Spring has been a time of anticipation in the garden. There have been lots of signs of promise, but little that's ready to harvest. The rhubarb plants have been the mainstay so far delivering four good crops, with plenty more left. There have been a few other small harvests - lots of herbs, salads and sorrel, but nothing substantial. There are some plants that will fill this gap in future years. I've put in two rows of asparagus plants and last weekend planted some Soloman's seal (Polygonatum multiflorum) whose shoots are ready in the spring. There should be more perennial veg as well by next year that will provide more greens at this time of year. I will probably grow some potatoes to supplement the perennial crops as well. I've got three lots in planters this year and they are growing well.
Anyway, this week has seen the first fruits ripen in the garden. We've had a handful of strawberries from the plants put in last year. We've hardly let them ripen, but they are still delicious. There are lots more on the plants and so far the slugs and snails haven't had any. They are mulched with bark chippings at the moment and that seems to do the trick.
There are a few other plants that are looking as though they are nearly ready. The gooseberries are swelling up and the blueberries too. The tayberry has lots of fruit and the raspberries are starting to appear. There are hundreds of green sour cherries waiting to ripen and a handful of sweet cherries - although some of these have shrivelled up and gone brown, maybe because I haven't watered the tree much?
There are still lots of bees in the garden and there seems to be a steady succession of flowers for them to feed on (more by luck than judgement). Also, there are still lots of small moths on the mints. In the mulch the spiders are busy and I've seen two nursery-web spiders (Pisaura mirabilis) carrying their egg sacs underneath them. I got a nice surprise too when I saw a large frog hiding under one of the hazel trees. He was some way from the small pond in the garden in a spot with some really dense vegetation. I hope he's working on the slugs.
The weather has been really warm this weekend and everything in the garden seems to be growing faster. I took a risk and planted out some of the seedlings that have been struggling in the mini-greenhouse. I cleared some of the dandelions that have been colonising the spare bits of the garden that haven't been planted up yet. I planted out some chicory, salsify, scorzorena, peppermint, lovage, sorrel and welsh onions. I also sowed some good king Henry direct in the soil. I planted them as a polyculture patch with some of the plants in multiples. I also made room for another redcurrant bush - Junifer, an early variety. What's missing at the moment is some low-growing creeping ground cover to fill in all the gaps, but thanks to some tips I got from the ForestGardening Yahoo group I think I will try some transitional ground cover in between. I will probably wait a little while for the seedlings to get established before sowing.
The garden is buzzing with life now. There are insects of all sorts, including lots of small moths that are all over the mint and other herbs nearby. The most common one I have seen is the one in the picture above. I think it is a Pyrausta aurata which is often found on mint according to my insect book. There are also lots of bees. We planted some ornamental alliums last year and they are out now and the bees are really enjoying them, the bumble bees especially. The summer raspberry flowers are out now too. They don't look very exciting, but the smaller bees like them a lot.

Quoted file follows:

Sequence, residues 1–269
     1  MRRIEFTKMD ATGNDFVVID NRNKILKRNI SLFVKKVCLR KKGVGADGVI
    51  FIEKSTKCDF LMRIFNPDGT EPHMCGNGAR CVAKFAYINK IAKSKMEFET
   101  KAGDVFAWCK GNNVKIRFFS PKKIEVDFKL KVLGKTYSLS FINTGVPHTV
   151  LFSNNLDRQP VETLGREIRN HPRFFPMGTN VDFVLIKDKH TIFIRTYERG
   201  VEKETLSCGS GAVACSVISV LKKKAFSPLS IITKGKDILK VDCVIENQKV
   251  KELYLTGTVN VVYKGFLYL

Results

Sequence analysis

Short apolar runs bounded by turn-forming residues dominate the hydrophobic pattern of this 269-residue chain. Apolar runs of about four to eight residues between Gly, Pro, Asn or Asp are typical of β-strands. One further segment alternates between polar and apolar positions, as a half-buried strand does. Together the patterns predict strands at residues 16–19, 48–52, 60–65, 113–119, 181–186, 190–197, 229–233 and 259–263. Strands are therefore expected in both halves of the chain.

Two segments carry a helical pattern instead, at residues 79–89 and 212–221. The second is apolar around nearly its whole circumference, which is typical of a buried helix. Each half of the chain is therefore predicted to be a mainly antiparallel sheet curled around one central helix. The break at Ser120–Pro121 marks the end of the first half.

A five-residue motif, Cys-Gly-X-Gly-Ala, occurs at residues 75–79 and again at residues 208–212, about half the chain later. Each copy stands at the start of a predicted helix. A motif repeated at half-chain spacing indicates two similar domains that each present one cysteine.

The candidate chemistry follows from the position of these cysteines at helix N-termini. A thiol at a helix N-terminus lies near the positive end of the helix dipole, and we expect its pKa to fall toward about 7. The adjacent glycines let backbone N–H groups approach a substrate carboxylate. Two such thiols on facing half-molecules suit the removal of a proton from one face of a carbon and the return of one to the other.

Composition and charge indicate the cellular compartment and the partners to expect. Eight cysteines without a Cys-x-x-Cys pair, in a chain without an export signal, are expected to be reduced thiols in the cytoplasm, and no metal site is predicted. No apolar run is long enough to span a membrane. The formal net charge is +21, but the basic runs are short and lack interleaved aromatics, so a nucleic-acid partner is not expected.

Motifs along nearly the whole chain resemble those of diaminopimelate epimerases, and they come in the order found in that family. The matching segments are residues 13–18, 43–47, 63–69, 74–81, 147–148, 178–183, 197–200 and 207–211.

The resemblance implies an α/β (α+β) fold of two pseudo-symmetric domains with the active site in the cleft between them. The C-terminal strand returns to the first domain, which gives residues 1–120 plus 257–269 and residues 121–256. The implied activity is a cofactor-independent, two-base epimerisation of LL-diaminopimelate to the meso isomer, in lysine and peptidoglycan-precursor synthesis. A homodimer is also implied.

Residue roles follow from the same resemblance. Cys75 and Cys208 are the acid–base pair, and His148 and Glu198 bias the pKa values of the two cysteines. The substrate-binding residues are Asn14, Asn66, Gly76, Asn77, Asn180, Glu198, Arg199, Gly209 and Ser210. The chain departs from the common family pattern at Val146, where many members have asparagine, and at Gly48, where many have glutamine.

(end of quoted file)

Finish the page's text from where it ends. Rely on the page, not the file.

There is a great video on the Help Save Bees blog that provides lots of information on the many different types of bumble bees and how we can help protect them.
With the warmer weather the garden is filling up with more and more wildlife. I came out into the garden this morning to see a red kite (Milvus milvus) flying low over the garden. Not long after two crows appeared and chased it off. Closer to the ground there is plenty of life too. There are hundreds of mouse spiders living in the mulch. There are lots of nursery-web spiders and garden spiders spinning their webs too. The nursery-web spiders are interesting - they look as though they are dead with their legs curled up, but as you get closer they spring to life ready to run away.
Today was the first day that I've seen ladybirds this spring - two seven spotted ones and another with more spots, possibly a harlequin one. There are lots of bees about - mostly large bumblebees, but also honey bees and some mid-sized black bees. There are also some bee flies (Bombylius major) in the garden too - I have never noticed these before. They are very characteristic with their long proboscis. They are busy feeding on dandelion flowers and also on grape hyacinths (Muscari racemosum). I managed to photograph one whilst it had a rest on some bare soil by the newly planted asparagus.
It's difficult to be objective about how much wildlife is in the garden this year because I am paying more attention than last year. However, I think the amount of mulch in the garden has provided habitats for many species to overwinter. There are definitely a lot of spiders on the ground and I suspect there are a wider range of insects this year too.